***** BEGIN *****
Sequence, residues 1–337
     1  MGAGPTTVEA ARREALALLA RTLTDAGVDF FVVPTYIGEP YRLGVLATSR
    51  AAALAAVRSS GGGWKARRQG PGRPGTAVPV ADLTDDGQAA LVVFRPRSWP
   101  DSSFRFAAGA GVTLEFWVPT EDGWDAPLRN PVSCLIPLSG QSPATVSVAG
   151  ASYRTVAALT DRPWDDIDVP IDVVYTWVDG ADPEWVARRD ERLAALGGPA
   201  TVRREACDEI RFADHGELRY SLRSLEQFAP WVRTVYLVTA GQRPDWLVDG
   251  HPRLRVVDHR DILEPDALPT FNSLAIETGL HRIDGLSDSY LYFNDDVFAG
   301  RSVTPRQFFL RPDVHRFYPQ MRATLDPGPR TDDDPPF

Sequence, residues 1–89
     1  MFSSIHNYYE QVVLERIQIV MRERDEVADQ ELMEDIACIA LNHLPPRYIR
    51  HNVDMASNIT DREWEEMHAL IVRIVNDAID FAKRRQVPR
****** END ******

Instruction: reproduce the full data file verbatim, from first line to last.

Sequence, residues 1–337
     1  MGAGPTTVEA ARREALALLA RTLTDAGVDF FVVPTYIGEP YRLGVLATSR
    51  AAALAAVRSS GGGWKARRQG PGRPGTAVPV ADLTDDGQAA LVVFRPRSWP
   101  DSSFRFAAGA GVTLEFWVPT EDGWDAPLRN PVSCLIPLSG QSPATVSVAG
   151  ASYRTVAALT DRPWDDIDVP IDVVYTWVDG ADPEWVARRD ERLAALGGPA
   201  TVRREACDEI RFADHGELRY SLRSLEQFAP WVRTVYLVTA GQRPDWLVDG
   251  HPRLRVVDHR DILEPDALPT FNSLAIETGL HRIDGLSDSY LYFNDDVFAG
   301  RSVTPRQFFL RPDVHRFYPQ MRATLDPGPR TDDDPPF

Sequence, residues 1–89
     1  MFSSIHNYYE QVVLERIQIV MRERDEVADQ ELMEDIACIA LNHLPPRYIR
    51  HNVDMASNIT DREWEEMHAL IVRIVNDAID FAKRRQVPR